Benin … 370,000
Guinea … 370,000
Central African Republic … 340,000
Sierra Leone … 340,000
Eritrea … 280,000
Congo … 270,000
Liberia … 250,000
Mauritania …170,000
Lesotho … 150,000
Botswana … 150,000
Namibia … 140,000
Guinea-Bissau … 100,000
Gabon … 65,000
The Gambia … 64,000
Djibouti … 48,000
Comoros … 33,000
Equatorial Guinea … 29,000

The reception centre to be established in northern Portugal will “take in orphan children who are still in foreign countries, even their home countries, waiting for fate to give direction to their lives. This will be a means of preventing them from becoming child soldiers, for instance,” said Tito de Morais.

To date, despite its special relationship with several African countries that were former Portuguese colonies, “Portugal has not had a strong tradition of receiving unaccompanied children,” she said. “In 2006 we have only taken in 10, but since the government expressed an openness to welcome African orphans, we immediately went to work so that in two years time, or two and a half, the reception centre should be ready,” she added.

“In the initial stage we will be able to receive 40 children, divided into four groups: newborns to three-year-olds, and ages four to six, seven to 10, and 10 to 12. Meanwhile at our current refugee centre we have set aside room especially for children, and we are already in communication with the U.N. High Commissioner for Refugees (UNHCR) about identifying children in need of international protection, who may arrive before the new centre is ready.

“On another front, we will contact several mayors in the north of the country in January, because the cooperation and commitment of the municipalities is essential, as securing the land for building the centre is the first step toward making this cooperation possible.”

During the Balkan wars in the early 1990s, which were contemporary with the civil wars in Angola and Mozambique, Portugal took in orphans, particularly from Bosnia. At that time, a survey was carried out among couples potentially interested in adopting children. The poll found that the vast majority of respondents would prefer to adopt an African child from a former Portuguese colony, rather than one from the former Yugoslavia. The reasons given were the shared historical, linguistic and cultural identity with Angolans and Mozambicans.

This result, a contrast with majority attitudes in the rest of Europe, according to Tito de Morais shows that “Portuguese people have a special sensitivity for welcoming vulnerable children, whatever their race or nationality, and in our experience, African children have never been excluded.”

Portugal’s relationship with Africa, while often traumatic, has been a fundamental factor in the last six centuries of its history. Portugal, a pioneer in colonialism in Africa, founded its first colony there in 1415, and was virtually the last European power to leave the continent, in 1975. To this day, the cloud of what some historians and analysts call “the debt of colonialism” continues to hang over Portugal as a kind of collective “post-imperial guilt complex.”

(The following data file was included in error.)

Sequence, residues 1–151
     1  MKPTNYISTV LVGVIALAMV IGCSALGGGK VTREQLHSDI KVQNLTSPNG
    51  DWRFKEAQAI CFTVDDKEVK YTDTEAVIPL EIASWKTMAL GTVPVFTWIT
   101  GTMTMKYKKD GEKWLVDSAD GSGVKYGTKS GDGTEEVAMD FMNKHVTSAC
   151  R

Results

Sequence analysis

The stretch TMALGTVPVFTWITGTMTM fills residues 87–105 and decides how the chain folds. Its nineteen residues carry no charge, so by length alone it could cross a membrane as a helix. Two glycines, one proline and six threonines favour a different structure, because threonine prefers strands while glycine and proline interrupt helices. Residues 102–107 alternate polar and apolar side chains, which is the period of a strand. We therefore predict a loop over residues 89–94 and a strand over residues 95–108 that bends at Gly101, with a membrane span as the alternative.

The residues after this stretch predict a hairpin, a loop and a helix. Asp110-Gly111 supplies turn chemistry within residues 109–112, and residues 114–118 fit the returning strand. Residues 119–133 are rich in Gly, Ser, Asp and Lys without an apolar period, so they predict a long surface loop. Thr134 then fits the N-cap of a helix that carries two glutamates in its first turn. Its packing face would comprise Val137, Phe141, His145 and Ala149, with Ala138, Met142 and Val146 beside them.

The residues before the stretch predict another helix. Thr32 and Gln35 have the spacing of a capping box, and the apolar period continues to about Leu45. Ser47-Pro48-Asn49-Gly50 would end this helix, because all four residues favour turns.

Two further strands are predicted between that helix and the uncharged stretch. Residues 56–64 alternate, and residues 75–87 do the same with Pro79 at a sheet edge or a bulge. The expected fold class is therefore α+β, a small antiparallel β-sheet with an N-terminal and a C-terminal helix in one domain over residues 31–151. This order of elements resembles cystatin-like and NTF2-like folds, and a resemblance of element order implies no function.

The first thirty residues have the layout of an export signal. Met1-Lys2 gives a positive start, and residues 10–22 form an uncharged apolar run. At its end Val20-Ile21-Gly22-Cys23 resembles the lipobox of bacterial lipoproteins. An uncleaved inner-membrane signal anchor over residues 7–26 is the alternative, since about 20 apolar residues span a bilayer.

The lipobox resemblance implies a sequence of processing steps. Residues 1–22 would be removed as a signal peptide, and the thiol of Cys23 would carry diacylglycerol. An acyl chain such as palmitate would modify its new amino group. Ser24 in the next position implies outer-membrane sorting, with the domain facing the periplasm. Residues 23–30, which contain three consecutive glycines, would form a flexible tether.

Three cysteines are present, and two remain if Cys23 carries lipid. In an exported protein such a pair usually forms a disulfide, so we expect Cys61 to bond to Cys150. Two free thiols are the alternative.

Brazilian writer Gilberto Freyre (1900-1987) took a more benevolent attitude towards Portugal’s colonial history in his book, whose title translates as “The World Created by the Portuguese” (1940), in which he concluded that Portugal’s openness towards Africa, Brazil and its former colonies in Asia was due to the multicultural and multi-racial nature of Portuguese society over many centuries.

As a result, Portugal today “is the most diverse country in Europe, and travelling in its former African colonies one finds that there are white Africans, and in this country, that there are black Portuguese,” Silvio Manuel de Paula, an Angolan-born pilot who holds dual Portuguese and Angolan nationality, told IPS.

“That alone suffices to explain Portuguese openness to welcoming and adopting African orphans,” de Paula said.

Read original article: HERE


  • One third of deaths — some 18 million people a year or 50,000 per day — are due to poverty-related causes. That’s 270 million people since 1990, the majority women and children, roughly equal to the population of the US.
  • Every year more than 10 million children die of hunger and preventable diseases – that’s over 30,000 per day and one every 3 seconds.
  • Over 1 billion people live on less than $1 a day with nearly half the world’s population (2.8 billion) living on less than $2 a day.
  • 600 million children live in absolute poverty.
  • The three richest people in the world control more wealth than all 600 million people living in the world’s poorest countries.
  • Income per person in the poorest countries in Africa has fallen by a quarter in the last 20 years.
  • 800 million people go to bed hungry every day.
  • Every year nearly 11 million children die before their fifth birthday.

NOTE: These statistics were taken in 2003